Last week, the Government reached an agreement to restore the Executive in Northern Ireland. I am proud to have been a part of the work which went into the agreement, and I am in no doubt that effective devolved government is the surest way to safeguard the Union and deliver for the people of Northern Ireland.

Last week also marked the 4th anniversary of Brexit, which afforded the British people opportunities to cut burdensome red tape, build new trading relationships with new friends and old allies, enabled us the fastest vaccine roll out in Europe during the pandemic, and has delivered record-high services exports of £472 billion.

I know that many in our community disagreed with these significant changes. I have always been acutely aware of the scale of the division that pervaded our country during and after Brexit, as well as the strain it put on relations with our European allies. While I am proud to have played a part in transforming our relationship with Ireland and the EU – enabling the Prime Minister to deliver the Windsor Framework last year – challenges remain. These challenges could be felt acutely in Northern Ireland. For those who may be unaware, Northern Ireland has been without a devolved Government since 2022. This means the people of Northern Ireland have been without locally elected politicians taking the decisions needed to tackle the pressing issues facing people and businesses. The last two years without an Executive have seen the deterioration of public services, with lengthening NHS waiting lists and an increasing deficit in public finances. The absence of the Executive and Assembly has also prevented important legislation being passed, such as the ban on XL bullies and legislation to raise the legal age for marriage and civil partnership to 18. Crucial decisions on infrastructure and the environment have also been held back, including on rail connectivity, and managing water quality.

I was proud to play my part in helping the Prime Minister deliver the Windsor Framework last year to address issues that had been caused by the Northern Ireland Protocol. No trade agreement is perfect, and I had always stated that we could build on the original Brexit withdrawal agreement for a brighter future. The Framework promised a solution by ensuring the smooth flow of trade within the UK, ending bureaucracy such as the need for traders to have full international customs documentation, and enabling goods to move on the basis of UK standards – removing prohibitions on goods like steel and sausages.

The Framework also disapplied a range of EU law to ensure that Northern Ireland benefits from the same VAT and alcohol tax regime as the rest of the UK, ensuring more than 98% of Northern Ireland subsidies will be able to be granted without EU notification, and ensuring medicines available in Northern Ireland are those approved by UK authorities.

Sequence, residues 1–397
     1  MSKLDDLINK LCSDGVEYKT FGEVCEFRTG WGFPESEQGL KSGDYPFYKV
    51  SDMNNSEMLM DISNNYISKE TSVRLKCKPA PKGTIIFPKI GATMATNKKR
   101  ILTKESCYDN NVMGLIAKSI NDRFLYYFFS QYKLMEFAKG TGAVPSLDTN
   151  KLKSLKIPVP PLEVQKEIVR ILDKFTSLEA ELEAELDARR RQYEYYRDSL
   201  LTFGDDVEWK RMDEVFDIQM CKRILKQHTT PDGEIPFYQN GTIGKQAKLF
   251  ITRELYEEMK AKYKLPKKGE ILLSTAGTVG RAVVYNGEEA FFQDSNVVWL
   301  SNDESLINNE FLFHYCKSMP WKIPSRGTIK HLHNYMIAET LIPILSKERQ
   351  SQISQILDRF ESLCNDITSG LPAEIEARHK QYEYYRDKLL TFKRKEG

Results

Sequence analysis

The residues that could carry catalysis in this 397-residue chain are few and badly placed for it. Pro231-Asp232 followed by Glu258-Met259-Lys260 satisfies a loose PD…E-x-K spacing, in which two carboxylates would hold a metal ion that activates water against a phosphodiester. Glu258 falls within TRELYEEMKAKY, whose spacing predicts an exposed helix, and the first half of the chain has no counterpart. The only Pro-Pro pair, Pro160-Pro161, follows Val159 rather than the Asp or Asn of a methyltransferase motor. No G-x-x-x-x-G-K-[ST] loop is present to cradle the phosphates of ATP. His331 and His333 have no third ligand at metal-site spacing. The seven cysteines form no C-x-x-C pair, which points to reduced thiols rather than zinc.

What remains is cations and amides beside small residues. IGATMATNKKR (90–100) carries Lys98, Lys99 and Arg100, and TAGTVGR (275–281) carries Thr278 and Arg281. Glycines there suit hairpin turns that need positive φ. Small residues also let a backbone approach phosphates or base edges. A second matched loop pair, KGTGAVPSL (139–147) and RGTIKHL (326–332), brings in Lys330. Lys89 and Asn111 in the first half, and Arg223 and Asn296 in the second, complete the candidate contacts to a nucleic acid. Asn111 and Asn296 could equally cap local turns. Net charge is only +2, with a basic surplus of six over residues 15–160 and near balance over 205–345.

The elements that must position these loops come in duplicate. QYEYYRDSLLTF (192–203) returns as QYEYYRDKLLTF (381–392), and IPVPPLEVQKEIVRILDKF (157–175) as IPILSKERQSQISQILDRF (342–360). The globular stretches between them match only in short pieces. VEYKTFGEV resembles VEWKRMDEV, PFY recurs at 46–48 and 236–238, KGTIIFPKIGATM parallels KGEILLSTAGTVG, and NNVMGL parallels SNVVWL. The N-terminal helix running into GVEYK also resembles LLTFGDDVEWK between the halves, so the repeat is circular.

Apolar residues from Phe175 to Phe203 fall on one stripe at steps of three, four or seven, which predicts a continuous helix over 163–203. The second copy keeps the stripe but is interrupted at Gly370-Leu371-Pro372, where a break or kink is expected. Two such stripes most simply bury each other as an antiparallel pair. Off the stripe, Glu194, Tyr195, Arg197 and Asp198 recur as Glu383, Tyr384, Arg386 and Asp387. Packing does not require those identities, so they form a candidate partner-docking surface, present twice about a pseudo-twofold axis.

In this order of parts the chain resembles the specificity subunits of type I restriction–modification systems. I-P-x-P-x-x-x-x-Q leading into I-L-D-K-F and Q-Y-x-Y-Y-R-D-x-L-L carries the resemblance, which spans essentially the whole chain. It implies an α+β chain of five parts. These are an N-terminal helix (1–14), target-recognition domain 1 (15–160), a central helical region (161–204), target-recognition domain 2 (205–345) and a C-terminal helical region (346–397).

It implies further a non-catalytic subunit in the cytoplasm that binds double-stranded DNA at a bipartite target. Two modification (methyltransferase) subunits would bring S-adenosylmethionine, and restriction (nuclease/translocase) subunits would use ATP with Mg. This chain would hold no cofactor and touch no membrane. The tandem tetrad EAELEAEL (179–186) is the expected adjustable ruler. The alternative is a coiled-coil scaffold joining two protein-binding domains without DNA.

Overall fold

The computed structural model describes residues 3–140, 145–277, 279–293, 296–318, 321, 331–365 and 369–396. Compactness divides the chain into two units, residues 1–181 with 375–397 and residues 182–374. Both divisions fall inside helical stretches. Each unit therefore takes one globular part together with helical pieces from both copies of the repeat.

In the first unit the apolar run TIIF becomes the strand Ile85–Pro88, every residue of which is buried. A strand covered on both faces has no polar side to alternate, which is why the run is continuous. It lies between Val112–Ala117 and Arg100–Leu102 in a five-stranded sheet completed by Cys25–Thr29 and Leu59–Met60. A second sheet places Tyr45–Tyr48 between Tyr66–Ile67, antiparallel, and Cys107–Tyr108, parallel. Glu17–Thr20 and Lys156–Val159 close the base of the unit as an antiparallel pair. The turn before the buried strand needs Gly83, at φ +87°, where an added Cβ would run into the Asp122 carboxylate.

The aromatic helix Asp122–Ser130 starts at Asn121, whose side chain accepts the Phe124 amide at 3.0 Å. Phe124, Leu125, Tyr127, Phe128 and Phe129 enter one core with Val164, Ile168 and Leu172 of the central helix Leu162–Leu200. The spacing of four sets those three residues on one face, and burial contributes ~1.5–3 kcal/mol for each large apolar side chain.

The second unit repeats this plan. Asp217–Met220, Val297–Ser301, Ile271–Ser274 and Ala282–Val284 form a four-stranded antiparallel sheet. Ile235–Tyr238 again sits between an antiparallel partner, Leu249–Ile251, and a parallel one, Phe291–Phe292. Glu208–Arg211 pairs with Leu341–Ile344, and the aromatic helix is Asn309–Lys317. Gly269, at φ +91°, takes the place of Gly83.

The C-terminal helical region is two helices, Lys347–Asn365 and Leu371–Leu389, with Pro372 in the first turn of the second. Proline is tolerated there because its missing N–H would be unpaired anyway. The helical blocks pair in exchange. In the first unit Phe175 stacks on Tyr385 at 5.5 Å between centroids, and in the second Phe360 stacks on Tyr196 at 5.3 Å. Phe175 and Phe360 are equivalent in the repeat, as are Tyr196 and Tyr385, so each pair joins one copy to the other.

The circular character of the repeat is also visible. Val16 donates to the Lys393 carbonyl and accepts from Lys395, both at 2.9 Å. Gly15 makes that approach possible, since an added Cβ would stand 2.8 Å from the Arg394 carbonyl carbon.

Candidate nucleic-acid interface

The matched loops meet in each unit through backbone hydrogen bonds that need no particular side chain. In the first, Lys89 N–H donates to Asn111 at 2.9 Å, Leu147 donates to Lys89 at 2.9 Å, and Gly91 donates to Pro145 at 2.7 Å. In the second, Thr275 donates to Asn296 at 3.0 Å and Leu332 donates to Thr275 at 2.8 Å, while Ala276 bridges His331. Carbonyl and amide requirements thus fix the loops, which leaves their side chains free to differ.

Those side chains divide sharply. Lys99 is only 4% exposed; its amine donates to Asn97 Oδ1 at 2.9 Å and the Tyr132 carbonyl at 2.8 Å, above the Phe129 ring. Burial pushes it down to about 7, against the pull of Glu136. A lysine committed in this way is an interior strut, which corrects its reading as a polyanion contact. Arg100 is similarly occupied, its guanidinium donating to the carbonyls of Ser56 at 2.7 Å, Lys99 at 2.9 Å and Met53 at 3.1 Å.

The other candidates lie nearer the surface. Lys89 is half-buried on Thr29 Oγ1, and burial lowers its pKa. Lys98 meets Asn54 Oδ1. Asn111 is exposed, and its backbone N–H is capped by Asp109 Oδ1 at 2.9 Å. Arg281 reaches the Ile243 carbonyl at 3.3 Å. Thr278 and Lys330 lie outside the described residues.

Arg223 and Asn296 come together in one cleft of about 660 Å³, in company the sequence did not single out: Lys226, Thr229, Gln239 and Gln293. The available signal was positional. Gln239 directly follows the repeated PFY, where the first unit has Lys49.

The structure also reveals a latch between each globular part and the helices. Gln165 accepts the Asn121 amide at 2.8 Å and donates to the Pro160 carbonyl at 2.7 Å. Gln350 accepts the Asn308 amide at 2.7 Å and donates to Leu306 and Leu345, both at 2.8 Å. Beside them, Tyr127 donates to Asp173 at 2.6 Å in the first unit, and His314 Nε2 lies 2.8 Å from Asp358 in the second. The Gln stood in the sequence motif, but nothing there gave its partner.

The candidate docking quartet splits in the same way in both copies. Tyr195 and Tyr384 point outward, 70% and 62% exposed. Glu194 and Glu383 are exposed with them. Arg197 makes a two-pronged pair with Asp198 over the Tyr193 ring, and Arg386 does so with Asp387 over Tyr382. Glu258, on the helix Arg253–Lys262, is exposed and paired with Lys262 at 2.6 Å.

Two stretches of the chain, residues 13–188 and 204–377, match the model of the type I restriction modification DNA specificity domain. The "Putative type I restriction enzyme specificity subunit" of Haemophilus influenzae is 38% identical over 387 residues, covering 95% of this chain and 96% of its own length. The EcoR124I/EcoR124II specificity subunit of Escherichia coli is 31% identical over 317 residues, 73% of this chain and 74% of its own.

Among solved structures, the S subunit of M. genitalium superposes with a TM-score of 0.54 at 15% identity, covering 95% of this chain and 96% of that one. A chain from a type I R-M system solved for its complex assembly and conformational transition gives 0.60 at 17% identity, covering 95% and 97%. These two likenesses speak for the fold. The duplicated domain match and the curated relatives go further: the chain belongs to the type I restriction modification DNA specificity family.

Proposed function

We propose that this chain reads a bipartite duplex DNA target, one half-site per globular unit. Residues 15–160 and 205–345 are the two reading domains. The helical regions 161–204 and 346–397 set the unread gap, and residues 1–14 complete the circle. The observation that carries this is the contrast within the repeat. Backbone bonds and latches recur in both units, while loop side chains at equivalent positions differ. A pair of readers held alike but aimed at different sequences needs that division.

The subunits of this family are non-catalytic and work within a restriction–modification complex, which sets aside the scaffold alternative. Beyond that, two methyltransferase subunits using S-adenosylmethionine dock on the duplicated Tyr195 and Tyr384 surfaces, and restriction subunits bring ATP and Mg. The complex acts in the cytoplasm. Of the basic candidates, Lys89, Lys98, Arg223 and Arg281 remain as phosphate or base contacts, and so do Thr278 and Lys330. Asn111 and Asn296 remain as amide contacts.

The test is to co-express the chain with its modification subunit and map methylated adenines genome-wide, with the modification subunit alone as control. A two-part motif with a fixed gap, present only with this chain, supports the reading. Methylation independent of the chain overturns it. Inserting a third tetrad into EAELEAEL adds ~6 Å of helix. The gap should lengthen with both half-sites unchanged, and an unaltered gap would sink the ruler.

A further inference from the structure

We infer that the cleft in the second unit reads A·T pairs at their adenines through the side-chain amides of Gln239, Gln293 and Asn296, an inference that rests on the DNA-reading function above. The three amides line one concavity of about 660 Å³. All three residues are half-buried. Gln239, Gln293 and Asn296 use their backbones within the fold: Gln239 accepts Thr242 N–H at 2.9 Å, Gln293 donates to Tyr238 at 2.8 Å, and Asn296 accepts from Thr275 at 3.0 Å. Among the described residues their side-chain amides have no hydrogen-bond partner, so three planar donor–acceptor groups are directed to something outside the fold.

Finally, the Framework ends the automatic application of EU law in Northern Ireland – with a powerful new Stormont Brake that would end the automatic presumption of dynamic alignment of EU rules in the very narrow range of areas where they are applied there. However, it was always clear that the Framework’s full benefits could not be felt without a functioning Executive in Northern Ireland. Nor could the challenges facing public services be addressed. The powerful new democratic mechanisms in the Windsor Framework including the Stormont Brake require an Assembly to be up and running, and a First and Deputy First Minister in office, to function. Thank goodness, the Assembly and Executive are now back.

Without that, the NI institutions would not have a say – nor will they be able to address crucial issues like how best to support the NHS, schools, and hospitals. It is for this reason that the UK Government has pursued negotiations to enable power-sharing to return, to ensure the people of Northern Ireland have locally elected representatives addressing the issues that matter to them.

The proposed deal will not commit any part of the United Kingdom to any new form of alignment. There is nothing in the deal that would result in British laws becoming aligned with EU law. There is also nothing in the deal preventing British law from diverging from any retained EU law.

Alignment between the law which applies in NI and EU law – which remains strictly limited to what is necessary to retain market access in the special circumstances prevailing on the island of Ireland, and subject to the democratic consent and safeguards Parliament has agreed and ratified – will not increase either. It will remain for Ministers, Parliament and the Northern Ireland Assembly to decide on any future divergence – rightly in line with Parliamentary sovereignty as a cornerstone of our constitution.

This is a deal which strengthens the UK Internal Market and the Union in the long term, while ensuring the whole of the UK can benefit from the freedoms delivered by Brexit. It builds on the progress under the Windsor Framework and offers a brighter future not only for Northern Ireland, but for the rest of the country. This deal is fundamental to the progress of the Windsor Framework, and represents a moment where, finally, a chapter of our national story can close, and a new can begin, in a spirit of friendship across the United Kingdom, with Ireland, and with the European Union.

More information can be found in the Safegaurding the Union Command Paper:

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